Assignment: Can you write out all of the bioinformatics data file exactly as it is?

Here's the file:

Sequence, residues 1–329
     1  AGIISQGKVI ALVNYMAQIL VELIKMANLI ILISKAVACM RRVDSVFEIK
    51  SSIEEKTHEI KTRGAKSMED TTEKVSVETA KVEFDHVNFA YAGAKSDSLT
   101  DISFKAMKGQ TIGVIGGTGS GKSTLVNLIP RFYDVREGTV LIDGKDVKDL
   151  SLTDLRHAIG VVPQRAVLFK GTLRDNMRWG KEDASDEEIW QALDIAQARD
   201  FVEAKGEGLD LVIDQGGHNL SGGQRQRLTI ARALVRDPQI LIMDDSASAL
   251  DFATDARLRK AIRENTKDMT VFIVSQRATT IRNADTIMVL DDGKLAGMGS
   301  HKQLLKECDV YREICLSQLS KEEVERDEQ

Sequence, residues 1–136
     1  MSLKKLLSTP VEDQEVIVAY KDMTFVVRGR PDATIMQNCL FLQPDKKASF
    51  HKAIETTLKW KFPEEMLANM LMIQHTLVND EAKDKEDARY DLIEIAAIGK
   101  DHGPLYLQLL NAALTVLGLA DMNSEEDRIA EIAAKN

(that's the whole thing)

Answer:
Sequence, residues 1–329
     1  AGIISQGKVI ALVNYMAQIL VELIKMANLI ILISKAVACM RRVDSVFEIK
    51  SSIEEKTHEI KTRGAKSMED TTEKVSVETA KVEFDHVNFA YAGAKSDSLT
   101  DISFKAMKGQ TIGVIGGTGS GKSTLVNLIP RFYDVREGTV LIDGKDVKDL
   151  SLTDLRHAIG VVPQRAVLFK GTLRDNMRWG KEDASDEEIW QALDIAQARD
   201  FVEAKGEGLD LVIDQGGHNL SGGQRQRLTI ARALVRDPQI LIMDDSASAL
   251  DFATDARLRK AIRENTKDMT VFIVSQRATT IRNADTIMVL DDGKLAGMGS
   301  HKQLLKECDV YREICLSQLS KEEVERDEQ

Sequence, residues 1–136
     1  MSLKKLLSTP VEDQEVIVAY KDMTFVVRGR PDATIMQNCL FLQPDKKASF
    51  HKAIETTLKW KFPEEMLANM LMIQHTLVND EAKDKEDARY DLIEIAAIGK
   101  DHGPLYLQLL NAALTVLGLA DMNSEEDRIA EIAAKN